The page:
LAREDO, Texas – As we approach Valentine’s Day 2016, U.S. Customs and Border Protection’s highly trained agriculture specialists stand poised to examine millions of flower stems to ensure that plant diseases and plant pests are detected and stopped from being introduced into the United States where they could cause harm.
At international ports of entry, land borders and mail facilities, CBP agriculture specialists are the front line in the fight against the introduction of harmful insects and diseases into the United States. In the Laredo Field Office area, which includes eight ports of entry extending Brownsville to Del Rio, CBP agriculture specialists on an average day in Fiscal Year 2015 made 371 interceptions of quarantine plant and animal material and intercepted 38 agricultural pests.
“Our CBP agriculture specialists do an incredible job detecting nearly microscopic plant pests that do not exist in the U.S., have no known predators and which if allowed to establish themselves could inflict serious economic harm on our domestic flower industry,” said Director, Field Operations David P. Higgerson, Laredo Field Office.
At South Texas area ports of entry, the most commonly prohibited flowers and plant materials are chrysanthemums, gladiolas, and choysia (an ornamental filler). These items are not allowed to enter the U.S. from Mexico because they are known to harbor harmful pests and diseases.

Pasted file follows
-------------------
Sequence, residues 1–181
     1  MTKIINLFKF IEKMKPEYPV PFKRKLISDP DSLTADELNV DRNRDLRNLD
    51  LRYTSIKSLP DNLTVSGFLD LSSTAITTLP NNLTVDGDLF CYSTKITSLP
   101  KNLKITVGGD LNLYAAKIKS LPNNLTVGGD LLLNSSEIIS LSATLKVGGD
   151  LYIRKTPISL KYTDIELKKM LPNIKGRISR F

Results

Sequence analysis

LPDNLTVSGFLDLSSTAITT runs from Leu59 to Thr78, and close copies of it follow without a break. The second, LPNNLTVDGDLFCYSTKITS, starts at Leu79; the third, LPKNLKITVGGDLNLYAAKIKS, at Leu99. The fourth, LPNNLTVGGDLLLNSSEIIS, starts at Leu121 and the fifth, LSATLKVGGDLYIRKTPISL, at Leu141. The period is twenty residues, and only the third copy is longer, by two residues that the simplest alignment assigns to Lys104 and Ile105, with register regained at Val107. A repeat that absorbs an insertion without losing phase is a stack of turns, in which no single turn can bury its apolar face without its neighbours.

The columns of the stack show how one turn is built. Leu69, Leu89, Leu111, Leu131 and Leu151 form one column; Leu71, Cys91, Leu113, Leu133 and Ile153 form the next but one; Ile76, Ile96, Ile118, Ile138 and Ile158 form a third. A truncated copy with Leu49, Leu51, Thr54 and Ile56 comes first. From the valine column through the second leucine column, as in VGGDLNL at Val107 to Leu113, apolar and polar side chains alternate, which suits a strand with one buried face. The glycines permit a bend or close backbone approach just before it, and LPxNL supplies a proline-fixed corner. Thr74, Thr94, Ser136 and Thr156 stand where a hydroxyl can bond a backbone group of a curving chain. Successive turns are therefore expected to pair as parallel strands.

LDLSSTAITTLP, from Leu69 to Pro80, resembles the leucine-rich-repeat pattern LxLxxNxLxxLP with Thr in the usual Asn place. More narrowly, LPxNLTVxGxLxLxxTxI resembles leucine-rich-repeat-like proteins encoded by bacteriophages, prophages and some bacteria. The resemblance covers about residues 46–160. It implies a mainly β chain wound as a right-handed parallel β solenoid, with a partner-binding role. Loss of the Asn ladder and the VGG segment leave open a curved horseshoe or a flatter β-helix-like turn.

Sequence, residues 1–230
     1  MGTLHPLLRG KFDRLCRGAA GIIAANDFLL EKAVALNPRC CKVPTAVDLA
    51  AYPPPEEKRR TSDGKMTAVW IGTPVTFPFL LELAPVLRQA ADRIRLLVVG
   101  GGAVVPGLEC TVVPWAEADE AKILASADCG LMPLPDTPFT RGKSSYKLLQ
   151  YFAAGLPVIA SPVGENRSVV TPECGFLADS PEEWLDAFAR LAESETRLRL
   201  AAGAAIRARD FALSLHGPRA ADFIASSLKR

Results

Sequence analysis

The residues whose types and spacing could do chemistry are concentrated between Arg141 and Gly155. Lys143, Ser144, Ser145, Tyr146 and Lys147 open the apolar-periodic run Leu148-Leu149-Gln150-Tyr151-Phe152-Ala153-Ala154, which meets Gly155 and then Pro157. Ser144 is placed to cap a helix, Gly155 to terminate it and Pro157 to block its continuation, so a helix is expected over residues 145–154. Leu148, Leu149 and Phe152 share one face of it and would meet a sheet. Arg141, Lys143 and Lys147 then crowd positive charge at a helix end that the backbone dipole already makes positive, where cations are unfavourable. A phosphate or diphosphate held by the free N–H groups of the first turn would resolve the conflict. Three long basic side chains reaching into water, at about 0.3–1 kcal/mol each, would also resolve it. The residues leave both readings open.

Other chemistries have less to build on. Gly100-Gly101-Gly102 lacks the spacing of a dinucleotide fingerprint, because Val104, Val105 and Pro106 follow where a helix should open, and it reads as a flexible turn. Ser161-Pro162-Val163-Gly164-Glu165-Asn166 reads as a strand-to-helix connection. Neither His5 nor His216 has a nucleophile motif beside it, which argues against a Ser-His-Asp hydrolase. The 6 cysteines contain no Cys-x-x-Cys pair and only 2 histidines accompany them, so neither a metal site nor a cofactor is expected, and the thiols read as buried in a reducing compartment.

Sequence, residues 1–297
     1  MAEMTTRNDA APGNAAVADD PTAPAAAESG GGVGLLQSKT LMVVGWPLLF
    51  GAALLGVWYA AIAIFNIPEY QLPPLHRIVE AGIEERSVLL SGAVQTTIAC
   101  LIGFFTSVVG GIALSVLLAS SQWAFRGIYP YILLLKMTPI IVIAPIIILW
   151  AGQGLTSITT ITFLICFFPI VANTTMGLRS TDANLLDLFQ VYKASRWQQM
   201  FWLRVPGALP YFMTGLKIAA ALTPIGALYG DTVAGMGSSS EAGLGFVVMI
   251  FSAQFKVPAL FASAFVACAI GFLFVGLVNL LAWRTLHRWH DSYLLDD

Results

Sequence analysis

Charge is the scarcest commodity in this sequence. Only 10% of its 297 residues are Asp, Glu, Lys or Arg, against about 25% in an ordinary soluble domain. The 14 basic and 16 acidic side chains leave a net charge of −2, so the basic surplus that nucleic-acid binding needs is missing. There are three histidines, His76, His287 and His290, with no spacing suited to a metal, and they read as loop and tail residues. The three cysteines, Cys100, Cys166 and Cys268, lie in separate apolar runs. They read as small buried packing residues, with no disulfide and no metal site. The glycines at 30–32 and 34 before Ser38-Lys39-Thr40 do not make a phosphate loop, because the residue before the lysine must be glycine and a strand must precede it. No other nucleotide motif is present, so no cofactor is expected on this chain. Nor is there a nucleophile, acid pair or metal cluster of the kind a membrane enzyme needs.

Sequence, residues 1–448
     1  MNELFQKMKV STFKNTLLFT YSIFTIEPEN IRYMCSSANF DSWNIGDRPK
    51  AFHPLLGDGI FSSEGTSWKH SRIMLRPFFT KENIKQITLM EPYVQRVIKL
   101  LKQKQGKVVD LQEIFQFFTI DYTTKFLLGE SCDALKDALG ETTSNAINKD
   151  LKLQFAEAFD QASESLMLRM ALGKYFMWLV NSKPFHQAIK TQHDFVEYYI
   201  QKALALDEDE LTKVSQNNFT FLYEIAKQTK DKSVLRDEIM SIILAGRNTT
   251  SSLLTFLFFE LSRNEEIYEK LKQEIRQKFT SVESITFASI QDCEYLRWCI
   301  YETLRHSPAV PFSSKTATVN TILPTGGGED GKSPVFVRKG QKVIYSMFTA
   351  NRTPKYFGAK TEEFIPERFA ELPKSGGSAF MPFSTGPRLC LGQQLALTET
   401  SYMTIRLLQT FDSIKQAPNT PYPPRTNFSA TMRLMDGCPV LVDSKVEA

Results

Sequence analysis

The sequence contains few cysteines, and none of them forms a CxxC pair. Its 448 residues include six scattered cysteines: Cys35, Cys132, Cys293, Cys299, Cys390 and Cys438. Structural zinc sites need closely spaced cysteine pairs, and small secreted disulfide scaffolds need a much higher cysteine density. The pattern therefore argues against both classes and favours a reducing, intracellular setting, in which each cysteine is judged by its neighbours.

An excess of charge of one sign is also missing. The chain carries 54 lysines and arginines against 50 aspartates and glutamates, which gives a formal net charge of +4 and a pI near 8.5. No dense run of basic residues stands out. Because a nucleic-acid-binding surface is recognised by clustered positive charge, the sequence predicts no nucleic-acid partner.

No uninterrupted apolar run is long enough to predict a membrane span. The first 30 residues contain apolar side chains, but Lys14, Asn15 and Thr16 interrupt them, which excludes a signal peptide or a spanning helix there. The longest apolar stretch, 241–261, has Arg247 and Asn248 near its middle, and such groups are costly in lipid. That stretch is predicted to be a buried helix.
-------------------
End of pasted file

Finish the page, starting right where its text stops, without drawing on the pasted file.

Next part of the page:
Individuals purchasing floral arrangements in Mexico for transport to the U.S. should advise their florist so prohibited plant species will not be used in the arrangement.
CBP processed approximately 976 million cut flower stems during the 2015 Valentine’s season from Jan. 1 to Feb. 14, compared to 801 million stems processed during the 2014 season – an increase of 21 percent. At Laredo Port of Entry’s cargo facilities, CBP processed 10.6 million stems, the fifth largest facility by volume for cut flower importations nationwide, between Jan. 1 and Feb. 14. Four Laredo Field Office ports: Laredo, Hidalgo/Pharr/Anzalduas, Progreso and Brownsville rank among the top 10 ports by volume for commercial importations of chamaedorea and ferns, greenery commonly used in floral arrangements and which are known vectors for plant pests. These ports processed a total of 3.9 million stems of chamaedorea and ferns in the 2015 Valentine’s season.
View B-roll footage of CBP cut flower inspections at a South Texas port.